Cross-Language Information Retrieval on the Web [chapter]

María-Dolores Olvera-Lobo
Handbook of Research on Social Dimensions of Semantic Technologies and Web Services  
The Web stands today as the world´s largest source of public information. Its magnitude can also be perceived as a drawback in a certain sense, however: nowadays there is a generalized problem in retrieving documents that may be written in any language, but through queries expressed in a single source language. And although Information Retrieval (IR) depends on the availability of digital collections, this key aspect is no longer the only concern. It is time for the multicultural society of
more » ... rnet to make use of new technologies such as Cross-Language Information Retrieval (CLIR). Whereas classical IR is a field that embraces retrieval models, evaluation, query languages and document indexing involving "small" collections of documents, modern IR tends to focus on Internet search engines, mark-up languages, multimedia contents, the distribution of collections, user interaction and multilingual systems. Thus, CLIR may border on work in the following fields: information retrieval, natural language processing, machine translation and abstracting, speech processing, the interpretation of document images, and human-computer interaction. "Given a query in any medium and any language, select relevant items from a multilingual multimedia collection which can be in any medium and any language, and present them in the style or order most likely to be useful to the querier, with identical or near identical objects in different media or languages appropriately identified" (Hull & Oard, 1997). This sentence sums up the main objective of CLIR, acknowledged as an independent research subfield roughly a decade ago, so that at present a number of international CLIR conferences take place in the world.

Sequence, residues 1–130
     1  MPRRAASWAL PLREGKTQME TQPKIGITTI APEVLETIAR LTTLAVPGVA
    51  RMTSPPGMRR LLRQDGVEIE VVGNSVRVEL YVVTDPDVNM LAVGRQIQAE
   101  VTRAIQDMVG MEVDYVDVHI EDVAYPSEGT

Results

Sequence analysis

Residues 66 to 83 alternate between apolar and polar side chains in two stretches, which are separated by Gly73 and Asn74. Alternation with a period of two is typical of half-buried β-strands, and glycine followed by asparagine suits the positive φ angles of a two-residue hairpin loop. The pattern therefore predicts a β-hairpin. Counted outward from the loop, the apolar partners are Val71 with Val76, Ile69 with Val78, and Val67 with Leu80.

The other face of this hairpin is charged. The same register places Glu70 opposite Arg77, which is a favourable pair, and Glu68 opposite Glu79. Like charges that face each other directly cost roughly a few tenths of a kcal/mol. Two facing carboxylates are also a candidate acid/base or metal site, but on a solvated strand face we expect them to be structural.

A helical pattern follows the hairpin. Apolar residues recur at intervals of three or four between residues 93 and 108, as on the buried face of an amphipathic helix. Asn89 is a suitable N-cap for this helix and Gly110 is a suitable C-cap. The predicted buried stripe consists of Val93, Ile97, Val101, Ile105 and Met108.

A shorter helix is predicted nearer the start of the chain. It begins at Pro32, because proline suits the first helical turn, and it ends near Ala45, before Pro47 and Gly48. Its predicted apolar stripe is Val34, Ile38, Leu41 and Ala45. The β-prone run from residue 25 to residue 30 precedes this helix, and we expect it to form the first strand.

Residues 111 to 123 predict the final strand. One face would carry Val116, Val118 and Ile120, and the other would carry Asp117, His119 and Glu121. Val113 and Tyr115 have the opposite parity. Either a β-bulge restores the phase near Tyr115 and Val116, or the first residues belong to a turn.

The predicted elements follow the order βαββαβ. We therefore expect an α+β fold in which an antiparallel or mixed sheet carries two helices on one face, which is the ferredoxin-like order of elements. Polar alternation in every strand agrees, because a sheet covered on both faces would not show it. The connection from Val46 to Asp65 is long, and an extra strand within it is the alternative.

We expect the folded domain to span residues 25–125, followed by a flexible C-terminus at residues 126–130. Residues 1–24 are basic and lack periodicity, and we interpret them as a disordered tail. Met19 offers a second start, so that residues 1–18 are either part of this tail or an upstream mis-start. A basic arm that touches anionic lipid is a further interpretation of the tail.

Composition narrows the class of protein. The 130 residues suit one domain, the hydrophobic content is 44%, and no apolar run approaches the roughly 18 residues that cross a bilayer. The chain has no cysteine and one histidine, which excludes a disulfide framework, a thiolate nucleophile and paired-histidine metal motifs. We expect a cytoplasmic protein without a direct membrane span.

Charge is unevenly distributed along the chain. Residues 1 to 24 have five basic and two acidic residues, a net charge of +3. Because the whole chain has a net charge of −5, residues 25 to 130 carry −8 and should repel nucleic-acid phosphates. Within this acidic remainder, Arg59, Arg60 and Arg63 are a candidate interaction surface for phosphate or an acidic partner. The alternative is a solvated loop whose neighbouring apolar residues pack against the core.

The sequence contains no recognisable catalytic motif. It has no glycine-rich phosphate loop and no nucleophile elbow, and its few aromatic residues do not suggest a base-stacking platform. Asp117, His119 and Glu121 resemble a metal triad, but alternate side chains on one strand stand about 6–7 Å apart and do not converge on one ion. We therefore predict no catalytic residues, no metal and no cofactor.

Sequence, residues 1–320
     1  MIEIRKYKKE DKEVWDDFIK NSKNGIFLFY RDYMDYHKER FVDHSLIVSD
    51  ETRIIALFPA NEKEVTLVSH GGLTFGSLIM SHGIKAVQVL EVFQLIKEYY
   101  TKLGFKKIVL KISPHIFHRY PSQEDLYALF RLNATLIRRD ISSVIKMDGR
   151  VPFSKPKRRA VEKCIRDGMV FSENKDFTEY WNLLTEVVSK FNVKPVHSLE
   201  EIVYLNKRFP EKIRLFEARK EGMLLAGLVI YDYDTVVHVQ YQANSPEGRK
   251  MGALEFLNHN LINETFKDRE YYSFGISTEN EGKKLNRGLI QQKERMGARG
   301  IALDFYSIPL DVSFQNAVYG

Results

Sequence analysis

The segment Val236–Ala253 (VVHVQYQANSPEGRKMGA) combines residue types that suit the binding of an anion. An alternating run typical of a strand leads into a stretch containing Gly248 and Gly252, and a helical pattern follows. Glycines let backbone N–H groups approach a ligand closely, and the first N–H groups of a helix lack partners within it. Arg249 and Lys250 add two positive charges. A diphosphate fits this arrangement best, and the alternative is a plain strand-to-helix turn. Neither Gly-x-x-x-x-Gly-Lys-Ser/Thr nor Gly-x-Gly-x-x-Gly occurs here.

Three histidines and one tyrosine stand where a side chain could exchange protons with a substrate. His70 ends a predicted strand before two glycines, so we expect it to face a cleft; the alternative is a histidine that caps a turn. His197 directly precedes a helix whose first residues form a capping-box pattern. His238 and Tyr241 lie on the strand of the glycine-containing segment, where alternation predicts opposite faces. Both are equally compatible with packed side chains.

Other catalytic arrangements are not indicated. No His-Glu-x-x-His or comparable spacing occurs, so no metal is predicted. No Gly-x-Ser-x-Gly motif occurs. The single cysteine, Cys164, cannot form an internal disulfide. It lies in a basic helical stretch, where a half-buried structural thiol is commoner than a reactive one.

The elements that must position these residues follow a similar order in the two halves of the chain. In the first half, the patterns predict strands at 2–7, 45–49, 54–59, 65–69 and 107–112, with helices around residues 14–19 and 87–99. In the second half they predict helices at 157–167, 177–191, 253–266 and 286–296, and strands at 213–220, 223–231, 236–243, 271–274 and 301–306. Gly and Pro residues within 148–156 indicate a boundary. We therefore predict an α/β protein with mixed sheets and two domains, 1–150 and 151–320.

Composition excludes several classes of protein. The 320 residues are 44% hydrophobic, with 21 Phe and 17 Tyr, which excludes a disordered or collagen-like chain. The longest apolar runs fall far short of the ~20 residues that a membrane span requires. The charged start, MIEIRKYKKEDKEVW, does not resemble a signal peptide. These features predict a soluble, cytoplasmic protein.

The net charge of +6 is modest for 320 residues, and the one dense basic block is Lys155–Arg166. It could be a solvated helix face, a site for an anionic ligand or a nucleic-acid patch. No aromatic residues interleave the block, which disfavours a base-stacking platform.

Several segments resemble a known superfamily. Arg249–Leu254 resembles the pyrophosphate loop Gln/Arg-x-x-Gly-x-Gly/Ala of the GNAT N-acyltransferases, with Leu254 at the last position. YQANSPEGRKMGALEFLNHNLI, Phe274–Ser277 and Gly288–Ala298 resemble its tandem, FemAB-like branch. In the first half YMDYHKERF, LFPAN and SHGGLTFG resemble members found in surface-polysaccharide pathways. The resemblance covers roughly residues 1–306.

doi:10.4018/978-1-60566-650-1.ch034 fatcat:xombpvh52vbyjc4hr3n7poh3oi